Many have documented that we truly don’t know the date when Jesus was born. Some say it was probably springtime because the shepherds were in the fields. Pope Julius I selected December 25th to celebrate the birth of Christ in the mid fourth century. Possible reasons could be because slaves had a holiday then, or it may have been an attempt to tame wild pagan festivities honoring the Roman god Saturn.
Others point out that the Norse-Germanic Yule season pre-existed Christian Christmas. Historians agree that many symbols of our Christmas—evergreen trees, holly, mistletoe, wreaths, plus a Santa-like figure—all originated among the pagans. But even the ancient Norse-Germanic celebration was about the hope of better days. Winter was hard in those northern climates. Starvation and death by exposure were very real dangers. The Yule season celebrated the beginning of lengthening days, which brought the expectation of spring and new life. In this sense, the Norse-Germanic tradition fit the biblical usage of the word “hope.”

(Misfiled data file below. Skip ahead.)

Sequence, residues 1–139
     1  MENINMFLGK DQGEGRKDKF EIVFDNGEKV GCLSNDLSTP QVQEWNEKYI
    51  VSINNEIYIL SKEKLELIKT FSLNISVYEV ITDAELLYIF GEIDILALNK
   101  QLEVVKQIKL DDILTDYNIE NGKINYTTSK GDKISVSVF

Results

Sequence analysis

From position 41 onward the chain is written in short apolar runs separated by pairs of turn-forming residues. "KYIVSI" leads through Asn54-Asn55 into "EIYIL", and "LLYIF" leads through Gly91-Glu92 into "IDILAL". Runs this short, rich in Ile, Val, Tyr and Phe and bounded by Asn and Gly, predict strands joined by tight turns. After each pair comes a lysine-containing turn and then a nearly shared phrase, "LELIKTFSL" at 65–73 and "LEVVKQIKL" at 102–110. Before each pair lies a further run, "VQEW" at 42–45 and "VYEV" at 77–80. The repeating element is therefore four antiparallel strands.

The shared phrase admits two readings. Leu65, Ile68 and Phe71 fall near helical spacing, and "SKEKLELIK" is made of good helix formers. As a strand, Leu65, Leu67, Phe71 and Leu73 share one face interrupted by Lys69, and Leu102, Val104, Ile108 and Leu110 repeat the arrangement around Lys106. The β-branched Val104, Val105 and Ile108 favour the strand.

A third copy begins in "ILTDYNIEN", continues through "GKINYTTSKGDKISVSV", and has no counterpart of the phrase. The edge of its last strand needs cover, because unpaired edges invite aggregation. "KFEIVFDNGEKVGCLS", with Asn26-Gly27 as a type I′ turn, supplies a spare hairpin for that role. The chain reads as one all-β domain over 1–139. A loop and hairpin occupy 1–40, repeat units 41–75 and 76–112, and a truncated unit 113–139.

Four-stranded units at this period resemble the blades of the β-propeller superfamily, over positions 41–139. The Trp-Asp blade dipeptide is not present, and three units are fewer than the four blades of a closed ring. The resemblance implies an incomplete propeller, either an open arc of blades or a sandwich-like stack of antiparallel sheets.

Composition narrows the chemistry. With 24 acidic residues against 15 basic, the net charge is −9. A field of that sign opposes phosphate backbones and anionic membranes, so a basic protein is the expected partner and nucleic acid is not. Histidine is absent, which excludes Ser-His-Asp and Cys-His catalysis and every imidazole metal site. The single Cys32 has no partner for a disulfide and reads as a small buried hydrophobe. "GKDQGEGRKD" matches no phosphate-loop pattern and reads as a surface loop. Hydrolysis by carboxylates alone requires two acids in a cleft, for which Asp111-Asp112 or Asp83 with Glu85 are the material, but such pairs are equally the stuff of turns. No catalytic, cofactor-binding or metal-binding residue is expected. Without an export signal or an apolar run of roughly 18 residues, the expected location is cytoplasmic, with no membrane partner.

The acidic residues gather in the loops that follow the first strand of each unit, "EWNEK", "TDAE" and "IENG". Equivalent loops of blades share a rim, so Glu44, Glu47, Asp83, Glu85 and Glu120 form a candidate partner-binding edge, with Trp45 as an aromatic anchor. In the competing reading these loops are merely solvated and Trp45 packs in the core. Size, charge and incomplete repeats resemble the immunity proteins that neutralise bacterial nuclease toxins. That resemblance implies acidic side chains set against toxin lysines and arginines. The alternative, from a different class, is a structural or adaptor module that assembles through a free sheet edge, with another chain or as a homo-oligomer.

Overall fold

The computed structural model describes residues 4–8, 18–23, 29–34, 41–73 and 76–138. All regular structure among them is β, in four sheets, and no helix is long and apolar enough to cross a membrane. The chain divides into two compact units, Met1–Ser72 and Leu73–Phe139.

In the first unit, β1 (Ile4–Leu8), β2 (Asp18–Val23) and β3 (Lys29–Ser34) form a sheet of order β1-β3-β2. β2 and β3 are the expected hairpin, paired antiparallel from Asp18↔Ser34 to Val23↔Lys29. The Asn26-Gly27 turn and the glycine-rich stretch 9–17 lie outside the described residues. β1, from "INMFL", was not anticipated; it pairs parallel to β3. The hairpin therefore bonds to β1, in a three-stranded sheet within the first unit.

Perhaps the Norse-Germanic tradition was a God-given harbinger of our Christmas to come. Regardless, what time could possibly be more appropriate to celebrate the hope brought by Christ’s birth than the darkest days of the year in late December? Interestingly, some Southern Hemisphere cultures have a Christmas celebration in July with evergreen trees and decorations. Those are the darkest, gloomiest days of their year. A “mid-winter Christmas” gives hope for longer and better days ahead.
Kit and Drew celebrating Christmas during July in New Zealand
Why do I love Christmas so much? Certainly, I enjoy the lights, traditions, and festivities. But Christmas to me is about the feeling of hope that motivates us to exercise our faith and demonstrate God’s love. In 1 Timothy 1:1, Paul refers to Jesus as “our hope.” Have you ever seen young parents who weren’t full of hope as they cradled their new baby? Probably not. At Christmas, all of us have a new baby along with Mary and Joseph: the baby Jesus. That baby is God’s gift of hope for each one of us, the essence of Christmas.